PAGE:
I will first address respondent's request that I annul the hearing officer's determination that the boy's "draft" IEP did not adequately address the child's needs. Pursuant to Federal and State law, a hearing officer's decision is final and binding upon the parties, unless it is appealed to the State Review Officer (20 USC 1415 [e][1]; Section 4404 [1] of the Education Law). Either party may seek review of a hearing officer's decision by initiating an appeal to the State Review Officer, or cross-appealing from the hearing officer's decision when the respondent answers the petition (Application of a Child with a Handicapping Condition, Appeal No. 91-25). Although petitioners have challenged the hearing officer's decision with respect to their son's placement, they do not identify any other specific IEP issue with which they disagree. Absent either an appeal or a cross-appeal as to the adequacy of the boy's IEP, I find that I am precluded from reaching the issue of the adequacy of the "draft" IEP which the hearing officer found to be inappropriate (Application of a Child with a Disability, Appeal No. 95-40). With regard to respondent's other request that I review the adequacy of the IEP which the CSE prepared on December 16, 1996, I find that I lack the jurisdiction to do so. My jurisdiction is limited to appeals from hearing officer determinations relating to a specific program and placement recommendation. The December 16, 1996 recommendation which respondent asks me to review has not been the subject of an impartial hearing, and respondent is clearly not aggrieved by the IEP which its own CSE has prepared.

        Although respondent has not raised the issue, the initial question which I must decide with regard to petitioners' appeal is whether they are aggrieved by the hearing officer's decision. As they candidly concede in their petition, they primarily object to any placement of their son outside of respondent's schools. The hearing officer's decision from which they appeal invalidated the CSE's proposal that petitioners' son be enrolled in a BOCES class in York. Although the hearing officer observed that there did not appear to be any appropriate placement for the boy in respondent's district, his observation was at best dictum, given his finding that the draft IEP was inadequate. Consequently, there is a serious question as to whether petitioners are aggrieved by the hearing officer's decision (see Paula P.B. v. New Hampshire Dept. of Education, 17 EHLR 898 [U.S. D.C. D.N.H., 1991]). The draft IEP to which petitioners objected has been annulled. The CSE thereafter prepared an IEP on December 16, 1996. The new IEP differs from the draft IEP in some respects, but it is generally similar to the draft IEP. While I recognize that petitioners have a continuing concern about where their son should be educated, it does not follow that I have jurisdiction to consider the appropriateness of the boy's new IEP.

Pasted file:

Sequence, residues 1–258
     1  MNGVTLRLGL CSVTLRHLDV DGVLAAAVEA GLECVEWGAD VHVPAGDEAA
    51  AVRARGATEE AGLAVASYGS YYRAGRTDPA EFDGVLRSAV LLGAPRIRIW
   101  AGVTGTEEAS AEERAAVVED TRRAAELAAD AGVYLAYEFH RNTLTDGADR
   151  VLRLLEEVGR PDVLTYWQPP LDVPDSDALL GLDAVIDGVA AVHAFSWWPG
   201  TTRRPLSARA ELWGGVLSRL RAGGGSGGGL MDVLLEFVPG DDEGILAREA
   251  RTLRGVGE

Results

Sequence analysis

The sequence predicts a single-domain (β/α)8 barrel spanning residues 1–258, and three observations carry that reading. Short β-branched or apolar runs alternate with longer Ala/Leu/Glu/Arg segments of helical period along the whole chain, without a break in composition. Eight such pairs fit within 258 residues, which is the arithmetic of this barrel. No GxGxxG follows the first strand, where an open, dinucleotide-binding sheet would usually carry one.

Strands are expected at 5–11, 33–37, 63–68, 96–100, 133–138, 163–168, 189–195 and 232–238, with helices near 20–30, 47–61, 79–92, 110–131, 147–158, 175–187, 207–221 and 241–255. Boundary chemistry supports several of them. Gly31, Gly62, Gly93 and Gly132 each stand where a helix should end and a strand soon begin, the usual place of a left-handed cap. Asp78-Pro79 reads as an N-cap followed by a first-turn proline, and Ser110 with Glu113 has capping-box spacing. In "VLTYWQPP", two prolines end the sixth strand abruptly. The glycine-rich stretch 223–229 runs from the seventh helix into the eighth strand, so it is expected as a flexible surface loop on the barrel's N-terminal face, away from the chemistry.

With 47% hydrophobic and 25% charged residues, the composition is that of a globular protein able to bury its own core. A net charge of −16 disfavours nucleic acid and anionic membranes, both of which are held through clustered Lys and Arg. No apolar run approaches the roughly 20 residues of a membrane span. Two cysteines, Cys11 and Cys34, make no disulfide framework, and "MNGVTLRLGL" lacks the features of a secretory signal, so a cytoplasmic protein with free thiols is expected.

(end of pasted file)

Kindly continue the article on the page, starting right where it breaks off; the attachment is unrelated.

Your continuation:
A CSE must first determine a child's special education needs, and then prepare appropriate annual goals and short-term instructional objectives for the child. After those two steps have been taken, a CSE may consider what are the appropriate special education services which would afford the child a reasonable opportunity of achieving his or her IEP annual goals within the next years. The CSE must then determine what is the least restrictive environment in which the child's special education services may be provided. Only after that process has been completed, may an IEP be reviewed to determine its compliance with Federal and State standards. That review begins with an impartial hearing. My jurisdiction as a State Review Officer begins after an impartial hearing officer has reviewed the child's IEP. There has been no such review of the December 16, 1996 IEP. Therefore, I must find that I am precluded from reviewing that IEP.

        In view of the passage of time, there would appear to be little purpose served in remanding the matter for a new hearing regarding the child's IEP for the 1996-97 school year (see Application of a Child with a Disability, Appeal No. 97-9). If they have not already done so, I urge the parties to plan an educational program for the child for the 1997-98 school year. I note that the record does not reveal whether petitioners' son has had a vocational assessment, as is required by 8 NYCRR 200.4 (b)(viii). Given this child's age and his present levels of academic performance, it is essential that he receive appropriate educational services to prepare him to function as an adult, as the hearing officer directed. The child also appears to need an extensive amount of related services, which together with an appropriate occupational education program, may greatly limit the amount of instruction which he is to receive in his primary classroom. As the child appears to have difficulty making transitions, the CSE should carefully consider where the child can receive the services which he needs, with a minimum amount of transitions, and with a maximum amount of coordination and consistency.

        Finally, I note that petitioners have requested that I direct respondent to meet with them to develop an educational program for the boy as his "status quo", or pendency placement (see 20 USC 1415 [e] [3] [A]; Section 4404 [4] of the Education Law). In view of the disposition of this appeal, I find that this issue is moot.